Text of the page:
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He describes two main domains of the technical imaginaire: I’ve read film theory and aesthetics and simply find the stuff tedious and intellectually wanting. The introduction basically described the Internet as a “Mask Ideology” Ricoeur’s term where certain individuals needed to characterize the Internet as a utopian movement in order to compel the forces of capitalism to actually bring it to fruition a “Legitimization” or “Mobilization” Ideology.
In their vision, flying cars would clutter our skies, imafinaire cellular phones and the Internet would be beyond the scope of imavinaire foresight. After reading the introduction, I must admit that I was completely furious, and more than a little confused by the terminology, but intrepid reviewer that I am, I soldiered on, intent to try to figure out just what this man was trying to say.
They say that the hallmark of science is that two scientists observing the same phenomenon should ultimately come to the same conclusion, and that is clearly not true for semiotics, where the main input is the Id of the observer.
No where was this more clear than the moment when I thought of dropping my film class when the professor expounded for imagunaire minutes on the deeper meaning of Jimmy Stewart’s gift of “frankincense” to his small child for Christmas in It’s a Wonderful Lifeonly to have a particularly astute student at the back of the class observe that rather than frankincense, the child had been given a Frankenstein doll I could have this backward I suppose, but it doesn’t really change the crux of the lesson — people can read meaning into anything.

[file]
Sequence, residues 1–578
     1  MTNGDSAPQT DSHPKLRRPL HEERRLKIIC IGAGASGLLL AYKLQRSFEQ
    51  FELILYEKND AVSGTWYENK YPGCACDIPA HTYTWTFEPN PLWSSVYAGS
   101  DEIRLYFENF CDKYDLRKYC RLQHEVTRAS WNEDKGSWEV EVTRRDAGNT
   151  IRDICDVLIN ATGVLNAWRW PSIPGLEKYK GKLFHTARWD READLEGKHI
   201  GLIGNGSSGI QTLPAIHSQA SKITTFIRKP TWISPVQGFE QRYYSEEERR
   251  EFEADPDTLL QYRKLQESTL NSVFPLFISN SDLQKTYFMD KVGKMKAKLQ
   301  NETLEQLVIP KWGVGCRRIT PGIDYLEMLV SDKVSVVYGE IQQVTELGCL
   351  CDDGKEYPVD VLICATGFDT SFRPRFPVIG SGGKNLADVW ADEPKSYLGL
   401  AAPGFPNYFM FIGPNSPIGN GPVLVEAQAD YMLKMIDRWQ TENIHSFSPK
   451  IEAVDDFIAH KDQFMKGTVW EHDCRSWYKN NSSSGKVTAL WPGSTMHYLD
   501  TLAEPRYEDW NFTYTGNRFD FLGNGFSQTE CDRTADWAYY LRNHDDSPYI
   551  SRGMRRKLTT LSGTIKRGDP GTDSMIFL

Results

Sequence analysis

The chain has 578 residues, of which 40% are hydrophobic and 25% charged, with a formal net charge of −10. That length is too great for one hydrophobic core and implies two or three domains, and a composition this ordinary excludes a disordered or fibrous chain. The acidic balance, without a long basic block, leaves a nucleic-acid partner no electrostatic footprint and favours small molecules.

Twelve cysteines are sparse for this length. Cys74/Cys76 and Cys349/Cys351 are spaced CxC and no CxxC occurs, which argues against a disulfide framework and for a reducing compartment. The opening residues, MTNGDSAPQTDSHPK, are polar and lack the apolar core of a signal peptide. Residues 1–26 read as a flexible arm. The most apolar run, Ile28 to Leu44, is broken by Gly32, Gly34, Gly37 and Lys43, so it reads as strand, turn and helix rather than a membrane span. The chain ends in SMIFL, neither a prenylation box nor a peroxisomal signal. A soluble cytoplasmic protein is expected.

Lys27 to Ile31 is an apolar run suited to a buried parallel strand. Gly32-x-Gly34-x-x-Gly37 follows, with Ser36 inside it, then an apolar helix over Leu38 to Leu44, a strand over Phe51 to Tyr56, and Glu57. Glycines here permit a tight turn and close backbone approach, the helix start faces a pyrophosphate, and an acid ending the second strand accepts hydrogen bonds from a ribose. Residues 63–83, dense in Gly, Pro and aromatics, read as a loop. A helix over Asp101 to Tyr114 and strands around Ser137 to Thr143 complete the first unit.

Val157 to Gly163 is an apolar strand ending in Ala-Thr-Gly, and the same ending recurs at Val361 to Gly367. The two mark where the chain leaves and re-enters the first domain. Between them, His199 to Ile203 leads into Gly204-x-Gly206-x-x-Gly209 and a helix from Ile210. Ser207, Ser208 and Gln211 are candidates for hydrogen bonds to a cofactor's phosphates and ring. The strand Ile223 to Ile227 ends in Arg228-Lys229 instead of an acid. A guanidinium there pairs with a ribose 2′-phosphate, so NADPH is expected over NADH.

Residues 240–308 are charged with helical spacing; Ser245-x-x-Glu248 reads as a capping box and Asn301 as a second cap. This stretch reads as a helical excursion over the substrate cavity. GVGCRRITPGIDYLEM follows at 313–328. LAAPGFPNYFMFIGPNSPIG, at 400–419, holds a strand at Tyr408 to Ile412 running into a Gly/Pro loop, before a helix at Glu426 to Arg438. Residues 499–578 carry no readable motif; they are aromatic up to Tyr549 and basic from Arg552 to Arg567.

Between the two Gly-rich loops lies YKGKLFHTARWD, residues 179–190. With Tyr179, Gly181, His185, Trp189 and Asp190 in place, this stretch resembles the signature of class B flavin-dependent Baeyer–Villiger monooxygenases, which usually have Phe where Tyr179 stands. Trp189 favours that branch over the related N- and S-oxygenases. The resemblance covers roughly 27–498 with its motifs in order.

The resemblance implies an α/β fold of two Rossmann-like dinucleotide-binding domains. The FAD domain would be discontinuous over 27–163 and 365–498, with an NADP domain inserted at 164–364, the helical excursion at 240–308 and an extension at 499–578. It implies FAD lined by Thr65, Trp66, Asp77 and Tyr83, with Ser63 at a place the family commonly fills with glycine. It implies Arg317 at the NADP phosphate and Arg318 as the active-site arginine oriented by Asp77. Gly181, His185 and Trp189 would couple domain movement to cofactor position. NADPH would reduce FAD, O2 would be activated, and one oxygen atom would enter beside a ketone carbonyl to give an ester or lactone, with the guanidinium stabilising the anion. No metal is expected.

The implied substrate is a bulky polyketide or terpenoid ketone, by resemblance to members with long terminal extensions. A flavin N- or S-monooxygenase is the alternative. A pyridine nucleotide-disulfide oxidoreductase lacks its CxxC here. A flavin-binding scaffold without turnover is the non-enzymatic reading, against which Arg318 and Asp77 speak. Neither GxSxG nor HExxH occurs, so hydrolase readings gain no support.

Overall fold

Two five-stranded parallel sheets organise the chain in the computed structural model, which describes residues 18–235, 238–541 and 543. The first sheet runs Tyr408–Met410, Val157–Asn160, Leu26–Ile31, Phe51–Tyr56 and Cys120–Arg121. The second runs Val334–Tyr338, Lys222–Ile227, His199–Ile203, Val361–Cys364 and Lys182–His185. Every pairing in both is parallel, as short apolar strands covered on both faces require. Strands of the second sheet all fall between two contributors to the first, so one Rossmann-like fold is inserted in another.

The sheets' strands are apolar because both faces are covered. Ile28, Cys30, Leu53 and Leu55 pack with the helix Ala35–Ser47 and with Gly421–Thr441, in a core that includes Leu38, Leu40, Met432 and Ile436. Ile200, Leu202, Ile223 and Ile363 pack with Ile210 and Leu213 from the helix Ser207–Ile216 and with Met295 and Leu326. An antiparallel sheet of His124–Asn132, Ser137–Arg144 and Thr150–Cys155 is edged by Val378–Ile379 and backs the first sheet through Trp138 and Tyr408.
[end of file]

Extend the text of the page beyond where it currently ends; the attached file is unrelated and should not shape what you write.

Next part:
My personal experience with semiotics is based wholly on a single class I took at Brown University where we explored semiotics, Auteur theory and the deeper meaning of films like Taxi Driver.
The whole endeavor had profound anti-capitalist and Marxist overtones, by which a nefarious big-brother or the like needed to manipulate public opinion to bring to the world their, well, New World Order, all in their own self-interest. Because once you jettison fliichy baggage of semiotics, Flichy has written a very thorough historical expose on the originations and causes of one of the major paradigm shifts of our day, the Internet.
Of course, I also fully support discourse jmaginaire all its forms, and I eagerly await what the forums have to teach me. In The Internet Imaginaire, sociologist Patrice Flichy examines the collective vision that shaped the emergence It is said that thoughts of profound importance tend to polarize those who encounter them and I must admit that my experience with semiotics as a discipline has been no exception.
Any other characterization has inherent flaws.
Book Review: The Internet Imaginaire, by Patrice Flichy